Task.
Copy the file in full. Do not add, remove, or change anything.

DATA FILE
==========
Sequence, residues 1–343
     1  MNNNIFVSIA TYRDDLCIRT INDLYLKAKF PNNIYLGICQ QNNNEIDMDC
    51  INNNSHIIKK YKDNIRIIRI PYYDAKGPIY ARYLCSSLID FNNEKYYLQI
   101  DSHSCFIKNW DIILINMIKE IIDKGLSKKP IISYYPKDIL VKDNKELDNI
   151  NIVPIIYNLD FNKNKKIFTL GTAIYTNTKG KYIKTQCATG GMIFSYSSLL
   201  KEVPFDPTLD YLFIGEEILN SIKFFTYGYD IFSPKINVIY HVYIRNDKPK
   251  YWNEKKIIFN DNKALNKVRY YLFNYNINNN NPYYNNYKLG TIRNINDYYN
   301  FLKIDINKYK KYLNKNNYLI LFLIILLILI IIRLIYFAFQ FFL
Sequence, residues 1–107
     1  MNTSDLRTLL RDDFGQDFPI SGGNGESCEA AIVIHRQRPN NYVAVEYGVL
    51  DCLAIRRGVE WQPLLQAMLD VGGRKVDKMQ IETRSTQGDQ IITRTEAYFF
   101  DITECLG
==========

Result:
Sequence, residues 1–343
     1  MNNNIFVSIA TYRDDLCIRT INDLYLKAKF PNNIYLGICQ QNNNEIDMDC
    51  INNNSHIIKK YKDNIRIIRI PYYDAKGPIY ARYLCSSLID FNNEKYYLQI
   101  DSHSCFIKNW DIILINMIKE IIDKGLSKKP IISYYPKDIL VKDNKELDNI
   151  NIVPIIYNLD FNKNKKIFTL GTAIYTNTKG KYIKTQCATG GMIFSYSSLL
   201  KEVPFDPTLD YLFIGEEILN SIKFFTYGYD IFSPKINVIY HVYIRNDKPK
   251  YWNEKKIIFN DNKALNKVRY YLFNYNINNN NPYYNNYKLG TIRNINDYYN
   301  FLKIDINKYK KYLNKNNYLI LFLIILLILI IIRLIYFAFQ FFL
Sequence, residues 1–107
     1  MNTSDLRTLL RDDFGQDFPI SGGNGESCEA AIVIHRQRPN NYVAVEYGVL
    51  DCLAIRRGVE WQPLLQAMLD VGGRKVDKMQ IETRSTQGDQ IITRTEAYFF
   101  DITECLG